It seemed I had already found what I was looking for and there may have been no reason to continue. My previous job left me with no great excess of wealth, the preparations and purchases I’d made for this trip already cut into that, and now the inevitable day-to-day costs were chipping away slowly at my net worth. That was indeed how I felt, like my value was deteriorating. Moreover, with Cindy coming to visit, I knew I would be spending some extra money on a place for us to stay. I could not make her endure the chill of the nights I’d been going through.

Waves continued to sweep in and out and I was relaxed despite what were maybe stress inducing thoughts. Whatever the calamity was, or how severe, I was aware it was just another pass of the brush; it would end and another would come. I felt no need to rush. I may have found some reasons to conclude my trip early but, even if I did, it would not be that day. On that day, I was in Shikoku. In that moment, I was on the beach. Planning for the future is undeniably useful. But, planning without the ability to be present is to be like a bird with no feet for landing.

A Serendipitous Stay

It was still early, but I felt ready to stop for the day. I realized, in true novice form, I’d made a novice mistake by not having enough food for both the night and the morning. I may have been fine, but with  days that seemed as certain to be hot as my feet were under me, I knew it would not be wise to make a test out of under nourishing myself.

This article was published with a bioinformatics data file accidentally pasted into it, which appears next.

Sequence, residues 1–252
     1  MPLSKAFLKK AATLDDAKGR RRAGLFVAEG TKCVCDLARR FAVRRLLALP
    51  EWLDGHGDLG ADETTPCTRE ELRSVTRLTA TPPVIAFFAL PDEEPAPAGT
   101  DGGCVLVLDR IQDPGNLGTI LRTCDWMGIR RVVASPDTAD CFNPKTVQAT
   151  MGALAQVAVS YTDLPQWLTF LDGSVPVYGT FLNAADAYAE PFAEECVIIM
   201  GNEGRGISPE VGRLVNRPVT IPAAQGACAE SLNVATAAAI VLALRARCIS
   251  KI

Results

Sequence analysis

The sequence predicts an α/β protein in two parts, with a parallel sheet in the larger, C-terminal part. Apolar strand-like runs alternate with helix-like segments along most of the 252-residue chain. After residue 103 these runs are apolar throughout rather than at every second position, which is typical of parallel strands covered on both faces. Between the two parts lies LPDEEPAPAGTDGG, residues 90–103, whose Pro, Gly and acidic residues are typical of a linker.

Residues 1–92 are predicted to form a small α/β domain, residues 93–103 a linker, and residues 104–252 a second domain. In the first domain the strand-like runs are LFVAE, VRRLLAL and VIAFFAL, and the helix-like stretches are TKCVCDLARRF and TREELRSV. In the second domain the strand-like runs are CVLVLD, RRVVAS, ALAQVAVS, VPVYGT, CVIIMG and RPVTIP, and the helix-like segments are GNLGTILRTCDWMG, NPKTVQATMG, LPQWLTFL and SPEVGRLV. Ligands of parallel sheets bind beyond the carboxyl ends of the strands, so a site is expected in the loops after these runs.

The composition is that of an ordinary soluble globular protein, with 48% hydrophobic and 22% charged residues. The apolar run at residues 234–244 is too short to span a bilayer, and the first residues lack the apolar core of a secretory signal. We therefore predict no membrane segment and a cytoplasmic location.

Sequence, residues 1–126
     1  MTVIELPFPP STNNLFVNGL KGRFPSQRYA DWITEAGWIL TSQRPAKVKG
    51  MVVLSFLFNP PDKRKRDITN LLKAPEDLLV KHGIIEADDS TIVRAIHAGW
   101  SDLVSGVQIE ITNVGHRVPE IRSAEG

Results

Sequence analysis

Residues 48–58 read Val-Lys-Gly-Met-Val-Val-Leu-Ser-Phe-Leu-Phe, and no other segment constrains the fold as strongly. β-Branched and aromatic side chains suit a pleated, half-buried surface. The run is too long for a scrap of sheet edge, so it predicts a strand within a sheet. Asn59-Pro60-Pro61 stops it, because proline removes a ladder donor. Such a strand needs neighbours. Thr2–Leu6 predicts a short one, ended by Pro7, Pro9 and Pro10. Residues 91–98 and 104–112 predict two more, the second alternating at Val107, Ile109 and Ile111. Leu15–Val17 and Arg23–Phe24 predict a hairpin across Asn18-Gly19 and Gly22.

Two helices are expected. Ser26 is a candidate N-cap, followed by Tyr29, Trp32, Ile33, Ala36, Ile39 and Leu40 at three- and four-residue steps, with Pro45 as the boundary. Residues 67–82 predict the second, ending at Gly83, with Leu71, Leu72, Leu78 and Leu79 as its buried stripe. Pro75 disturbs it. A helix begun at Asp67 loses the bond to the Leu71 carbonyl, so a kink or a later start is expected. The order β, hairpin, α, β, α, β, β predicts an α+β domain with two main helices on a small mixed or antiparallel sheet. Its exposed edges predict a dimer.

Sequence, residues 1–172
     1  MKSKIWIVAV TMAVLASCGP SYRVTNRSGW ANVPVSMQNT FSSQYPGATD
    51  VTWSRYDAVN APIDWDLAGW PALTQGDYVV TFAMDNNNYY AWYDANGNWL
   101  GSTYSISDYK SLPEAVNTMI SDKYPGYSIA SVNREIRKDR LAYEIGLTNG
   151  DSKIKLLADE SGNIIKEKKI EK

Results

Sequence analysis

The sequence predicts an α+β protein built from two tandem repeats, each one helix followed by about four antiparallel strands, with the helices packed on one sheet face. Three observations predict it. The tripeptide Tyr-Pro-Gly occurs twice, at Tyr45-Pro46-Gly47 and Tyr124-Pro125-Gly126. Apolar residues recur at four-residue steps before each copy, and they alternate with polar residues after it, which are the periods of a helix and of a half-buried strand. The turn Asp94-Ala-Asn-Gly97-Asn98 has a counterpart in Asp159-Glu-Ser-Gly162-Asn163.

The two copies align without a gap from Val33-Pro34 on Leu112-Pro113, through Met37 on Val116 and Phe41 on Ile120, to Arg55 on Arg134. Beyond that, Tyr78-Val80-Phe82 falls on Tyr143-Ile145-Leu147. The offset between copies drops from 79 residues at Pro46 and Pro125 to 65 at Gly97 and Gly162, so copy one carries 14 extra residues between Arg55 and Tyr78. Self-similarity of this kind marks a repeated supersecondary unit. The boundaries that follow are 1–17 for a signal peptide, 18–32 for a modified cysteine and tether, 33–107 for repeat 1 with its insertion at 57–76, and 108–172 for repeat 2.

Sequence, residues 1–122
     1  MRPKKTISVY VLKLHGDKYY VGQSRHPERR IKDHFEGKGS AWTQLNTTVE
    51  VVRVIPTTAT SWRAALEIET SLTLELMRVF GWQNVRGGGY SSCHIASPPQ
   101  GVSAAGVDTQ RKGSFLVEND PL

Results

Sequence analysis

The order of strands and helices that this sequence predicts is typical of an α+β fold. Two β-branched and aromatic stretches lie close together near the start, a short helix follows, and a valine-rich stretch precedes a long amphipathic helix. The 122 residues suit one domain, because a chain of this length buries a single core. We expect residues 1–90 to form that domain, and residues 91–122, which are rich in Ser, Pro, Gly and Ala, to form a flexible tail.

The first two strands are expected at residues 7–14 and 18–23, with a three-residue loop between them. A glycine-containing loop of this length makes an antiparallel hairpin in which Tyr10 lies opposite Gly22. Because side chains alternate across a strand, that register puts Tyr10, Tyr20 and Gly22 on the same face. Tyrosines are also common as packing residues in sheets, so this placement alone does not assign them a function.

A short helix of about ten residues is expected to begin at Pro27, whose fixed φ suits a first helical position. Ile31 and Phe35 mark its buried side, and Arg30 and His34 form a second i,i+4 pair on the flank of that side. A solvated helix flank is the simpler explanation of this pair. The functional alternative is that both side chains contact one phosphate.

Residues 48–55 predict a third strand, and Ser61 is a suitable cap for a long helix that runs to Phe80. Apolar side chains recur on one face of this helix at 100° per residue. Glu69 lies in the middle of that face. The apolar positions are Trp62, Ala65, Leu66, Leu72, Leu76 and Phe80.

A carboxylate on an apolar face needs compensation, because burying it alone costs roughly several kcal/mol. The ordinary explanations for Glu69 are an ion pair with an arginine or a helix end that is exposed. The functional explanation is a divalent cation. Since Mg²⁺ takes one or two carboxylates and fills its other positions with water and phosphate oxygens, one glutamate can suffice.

I came upon a Ryokan not far from the beach where they offered both a bed and meals. The price was more than I was interested in paying, as any price would be, but the service proved worth the cost. Since I had not called ahead they didn’t have what they needed to prepare a proper dinner for me and subtracted that from the cost. They still prepared a large bowl of fried rice that proved quite filling in place of a larger meal.

A bath was drawn for me infused with a black stone that rejuvenated my body in ways I never realized I required. The bath alone made me feel the stay was worth the price and I might have continued walking the trail at that moment with the way I felt. But, I remained. I went upstairs to my room where I found tea had been prepared for me and I drank it and laid down to sleep before eight o’clock. Being in nature is nice, I thought, but this too has a strong appeal.

Thanks for reading.

If you enjoy what you are reading about the Shikoku Pilgrimage, be sure to sign up for the e-mail list for my new site, One World Home, launching July 1.